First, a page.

3. Technical Arrests – One of the significant driving factors for high recidivism rates (the return of prisoners to jail/prison) is due to ‘technical violations’ as opposed to new crimes. These are violations of parole or probation and rather than leading to a hearing, generally the individual is arrested, fined with bail (depending on the technicality) and then incarcerated if they aren’t able to pay the bail or if the violation is classified as non-bail available.
  4. Privatization – While the use of private prisons and jails is only about 8% of the total incarcerated population, private corporations still reap billions of dollars each year from the prison system. These companies provide food services, health care, telephone calls, commissary supplies and other services, often at excessively high rates, which the families end up having to pay.

Michelle Alexander recently posted an article titled ‘Ten year later everything has changed and nothing has changed – Part I’ in the Minnesota Spokesman-Reporter about the current state of our criminal justice system and race in America. In it she recognizes that during the Obama presidency some progress was made. However, much of those accomplishments have been destroyed by the Trump administration.

How we evolve from here will depend on how well we reform our bail system and conditions of parole/probation violations, diminish the influence of for-profit companies in prisons and train district attorneys and prosecutors to seek fair and equitable verdicts rather than racking up convictions. For Alexander, the connective tissue around these issues is race. Until the U.S. truly faces its history of racial oppression and bigotry, it will be impossible to provide ‘justice for all’.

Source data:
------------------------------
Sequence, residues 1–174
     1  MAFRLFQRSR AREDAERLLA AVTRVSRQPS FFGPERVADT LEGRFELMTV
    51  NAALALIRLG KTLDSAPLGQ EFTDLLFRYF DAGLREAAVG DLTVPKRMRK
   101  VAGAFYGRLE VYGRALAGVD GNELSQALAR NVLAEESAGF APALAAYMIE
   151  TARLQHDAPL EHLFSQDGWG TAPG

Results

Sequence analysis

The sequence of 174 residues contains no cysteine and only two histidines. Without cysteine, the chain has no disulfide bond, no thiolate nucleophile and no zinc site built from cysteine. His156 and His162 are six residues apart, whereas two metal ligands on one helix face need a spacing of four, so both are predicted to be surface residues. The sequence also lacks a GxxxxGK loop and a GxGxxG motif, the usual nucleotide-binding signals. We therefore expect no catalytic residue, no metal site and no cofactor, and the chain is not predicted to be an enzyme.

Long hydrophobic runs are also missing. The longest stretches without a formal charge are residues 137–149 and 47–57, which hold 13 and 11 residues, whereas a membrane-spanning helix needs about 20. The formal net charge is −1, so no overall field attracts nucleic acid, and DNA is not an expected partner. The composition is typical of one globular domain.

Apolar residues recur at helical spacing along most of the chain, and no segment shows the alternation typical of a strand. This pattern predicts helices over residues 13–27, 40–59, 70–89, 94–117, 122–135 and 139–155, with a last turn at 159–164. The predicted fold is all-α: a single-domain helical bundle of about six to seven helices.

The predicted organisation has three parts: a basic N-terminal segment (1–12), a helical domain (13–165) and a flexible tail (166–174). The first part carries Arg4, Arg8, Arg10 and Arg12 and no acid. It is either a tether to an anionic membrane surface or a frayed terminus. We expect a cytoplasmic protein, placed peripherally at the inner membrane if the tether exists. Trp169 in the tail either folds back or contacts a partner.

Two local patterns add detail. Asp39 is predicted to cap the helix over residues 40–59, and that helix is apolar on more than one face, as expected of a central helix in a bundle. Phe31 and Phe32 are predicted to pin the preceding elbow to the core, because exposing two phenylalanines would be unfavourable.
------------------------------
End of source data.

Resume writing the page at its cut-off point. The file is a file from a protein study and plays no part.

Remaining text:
• “Studies show that people of all colors use and sell illegal drugs at remarkably similar rates. If there are significant differences in the surveys to be found, they frequently suggest that whites, particularly white youth, are more likely to engage in drug crime than people of color. That is not what one would guess, however, when entering our nation’s prisons and jails… In some states black men have been admitted to prison on drug charges at rates twenty to fifty times greater than those of white men.”  (TNJC, by MA page 7)
  • “The stark and sobering reality is that, for reasons largely unrelated to actual crime trends, the American penal system has emerged as a system of social control unparalleled in world history. While the size of the system alone might suggest that it would touch the lives of most Americans, the primary targets of its control can be defined largely by race. This is an astonishing development, especially given that… prison did not deter crime significantly, many experts concluded.”
  • “Contrary to what many people would have us believe, what our nation is experiencing is not new. The politics of ‘Trumpism’ and ‘fake news’ are not new; they are as old as the nation itself. The very same playbook has been used over and over in this country by those who seek to preserve racial hierarchy, or to exploit racial resentments and anxieties for political gain, each time with similar results.” ‘Ten years later everything has changed and nothing has changed – Part 1’, by MA